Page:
DECATUR, Ill. (WAND) - Decatur City Council members have decided to look for community input after ideas for funding public safety staffing, including a referendum that could increase taxes, were discussed Monday night.
Officials talked about the idea of a non-binding referendum to create a revenue source to support increased funding for public safety staffing and pension costs. Voters could expect to the see the referenda question on the April ballot.
City Manager Scot Wrighton said in the council memo the city's portion of public safety pension costs increased by more than $1 million in 2021 over 2020. A similar increase is expected in 2022 to cover higher Tier 2 obligations and other costs.
Councilman David Horn said all police personnel, plus one and all fire personnel is fully funded in 2020. As well as 100 percent of their pension funded.
Horn made a point of talking about how Decatur could find other ways of generating revenue to support police and fire without bringing out a referendum question. He talked about eliminating retail leakage but increasing retail opportunities and trying to have a commitment from citizens to shop locally.
Current leakage has been at around $387.8 million for establishments within 10 miles of Decatur, and Horn pointed out stopped leakage could lead to an additional $9.7 million a year for the city, since Decatur has a 2.5 percent sales tax on retail.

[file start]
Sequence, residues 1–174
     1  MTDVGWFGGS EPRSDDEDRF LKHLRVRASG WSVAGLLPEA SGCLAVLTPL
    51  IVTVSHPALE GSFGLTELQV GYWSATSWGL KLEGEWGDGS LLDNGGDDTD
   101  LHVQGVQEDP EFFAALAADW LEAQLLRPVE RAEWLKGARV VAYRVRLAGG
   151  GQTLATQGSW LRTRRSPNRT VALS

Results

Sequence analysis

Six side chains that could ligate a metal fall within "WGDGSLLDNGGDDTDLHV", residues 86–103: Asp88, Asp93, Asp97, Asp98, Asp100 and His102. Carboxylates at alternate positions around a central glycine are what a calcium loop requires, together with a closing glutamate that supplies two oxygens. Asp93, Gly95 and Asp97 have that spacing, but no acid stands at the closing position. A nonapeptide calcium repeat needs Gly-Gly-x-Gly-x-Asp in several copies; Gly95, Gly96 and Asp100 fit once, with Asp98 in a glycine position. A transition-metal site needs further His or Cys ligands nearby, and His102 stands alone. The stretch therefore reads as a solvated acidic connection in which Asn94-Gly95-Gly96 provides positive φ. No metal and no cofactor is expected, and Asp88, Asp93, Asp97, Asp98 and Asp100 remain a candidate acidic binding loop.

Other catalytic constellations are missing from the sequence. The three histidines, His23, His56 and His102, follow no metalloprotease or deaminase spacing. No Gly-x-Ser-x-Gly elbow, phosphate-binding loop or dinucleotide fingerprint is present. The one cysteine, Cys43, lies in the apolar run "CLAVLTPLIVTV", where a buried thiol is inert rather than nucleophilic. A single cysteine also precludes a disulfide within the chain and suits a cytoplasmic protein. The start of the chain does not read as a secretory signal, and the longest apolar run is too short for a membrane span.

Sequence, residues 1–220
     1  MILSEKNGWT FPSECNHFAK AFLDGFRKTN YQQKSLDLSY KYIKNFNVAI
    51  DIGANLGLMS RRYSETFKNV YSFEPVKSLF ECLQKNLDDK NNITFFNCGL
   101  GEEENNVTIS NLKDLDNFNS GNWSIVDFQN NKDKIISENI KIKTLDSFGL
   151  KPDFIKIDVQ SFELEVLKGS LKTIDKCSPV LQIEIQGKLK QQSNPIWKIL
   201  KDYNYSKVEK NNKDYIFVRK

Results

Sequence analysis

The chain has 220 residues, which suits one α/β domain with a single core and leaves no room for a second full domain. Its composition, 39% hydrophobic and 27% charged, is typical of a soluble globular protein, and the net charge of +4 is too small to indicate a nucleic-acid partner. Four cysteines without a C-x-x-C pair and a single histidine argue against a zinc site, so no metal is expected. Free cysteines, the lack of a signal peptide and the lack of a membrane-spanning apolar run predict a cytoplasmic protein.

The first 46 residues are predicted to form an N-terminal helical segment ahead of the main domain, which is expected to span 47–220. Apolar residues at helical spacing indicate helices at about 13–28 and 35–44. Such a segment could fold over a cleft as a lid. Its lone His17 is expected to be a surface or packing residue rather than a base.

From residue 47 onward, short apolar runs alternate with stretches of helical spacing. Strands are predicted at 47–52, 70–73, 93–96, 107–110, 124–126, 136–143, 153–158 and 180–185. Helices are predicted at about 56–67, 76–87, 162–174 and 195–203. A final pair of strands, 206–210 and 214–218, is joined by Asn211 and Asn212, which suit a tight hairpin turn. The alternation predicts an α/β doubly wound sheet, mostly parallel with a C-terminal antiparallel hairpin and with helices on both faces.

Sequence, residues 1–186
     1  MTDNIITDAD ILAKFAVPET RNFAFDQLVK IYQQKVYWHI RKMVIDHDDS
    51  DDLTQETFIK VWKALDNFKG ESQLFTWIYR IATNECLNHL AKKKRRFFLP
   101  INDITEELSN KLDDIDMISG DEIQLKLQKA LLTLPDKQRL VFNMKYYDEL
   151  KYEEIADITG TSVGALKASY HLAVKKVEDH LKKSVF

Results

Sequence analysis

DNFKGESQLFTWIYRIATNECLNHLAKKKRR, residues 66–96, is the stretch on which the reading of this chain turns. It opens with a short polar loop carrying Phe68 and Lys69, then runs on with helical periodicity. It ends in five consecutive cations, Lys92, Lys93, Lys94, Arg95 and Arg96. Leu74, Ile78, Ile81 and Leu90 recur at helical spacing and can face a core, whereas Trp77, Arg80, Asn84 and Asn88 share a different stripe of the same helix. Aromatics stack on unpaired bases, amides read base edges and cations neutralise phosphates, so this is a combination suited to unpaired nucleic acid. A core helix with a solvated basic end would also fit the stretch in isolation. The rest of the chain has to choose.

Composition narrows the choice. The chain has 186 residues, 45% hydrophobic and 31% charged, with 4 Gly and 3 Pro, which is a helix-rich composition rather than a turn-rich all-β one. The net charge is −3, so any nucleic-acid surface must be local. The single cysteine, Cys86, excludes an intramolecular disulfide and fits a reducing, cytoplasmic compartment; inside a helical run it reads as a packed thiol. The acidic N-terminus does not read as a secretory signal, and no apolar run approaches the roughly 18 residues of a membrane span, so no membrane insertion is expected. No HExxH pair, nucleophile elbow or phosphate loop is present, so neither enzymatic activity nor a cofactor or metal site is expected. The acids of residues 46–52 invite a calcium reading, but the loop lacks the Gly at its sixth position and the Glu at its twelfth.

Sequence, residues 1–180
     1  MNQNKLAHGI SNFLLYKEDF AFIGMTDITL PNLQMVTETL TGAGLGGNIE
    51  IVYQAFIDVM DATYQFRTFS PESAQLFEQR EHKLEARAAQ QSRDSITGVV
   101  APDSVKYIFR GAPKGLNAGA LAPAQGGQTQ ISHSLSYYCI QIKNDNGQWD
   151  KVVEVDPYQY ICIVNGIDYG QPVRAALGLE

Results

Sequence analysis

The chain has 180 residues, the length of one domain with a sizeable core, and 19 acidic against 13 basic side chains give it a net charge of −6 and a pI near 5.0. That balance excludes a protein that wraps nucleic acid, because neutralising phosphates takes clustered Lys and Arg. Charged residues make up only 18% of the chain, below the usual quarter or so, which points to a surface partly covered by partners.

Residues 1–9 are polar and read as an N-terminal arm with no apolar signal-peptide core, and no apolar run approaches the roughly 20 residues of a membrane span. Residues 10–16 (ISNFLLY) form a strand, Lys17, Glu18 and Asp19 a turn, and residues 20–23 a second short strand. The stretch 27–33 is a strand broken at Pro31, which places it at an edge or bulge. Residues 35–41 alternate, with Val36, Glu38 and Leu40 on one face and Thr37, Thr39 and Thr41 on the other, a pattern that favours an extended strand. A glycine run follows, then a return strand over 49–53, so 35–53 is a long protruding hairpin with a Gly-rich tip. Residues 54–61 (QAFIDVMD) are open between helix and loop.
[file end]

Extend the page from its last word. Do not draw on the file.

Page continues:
Other avenues Horn suggested include the potential revenue that could be generated by a marijuana dispensary, which Decatur voted to reject earlier in 2020, video gambling fee revenue and the money Decatur could get from increased Decatur Public Transit System fares, if those were to go up.
Councilman Bill Faber, who was in favor of a referendum, said after a discussion that he has a sense of urgency about making sure Decatur can maintain its police force.
Faber asked how the city could maintain its full force without revenue and said he agreed with other members of the city council that other options for figuring out the pulse of the community outside of a referendum would be a good idea. He mentioned how a recent Decatur police survey proved to be effective.
At the end of the discussion, City Manager Scot Wrighton agreed and said the city should explore alternatives for information and then discuss the issue again at a later date.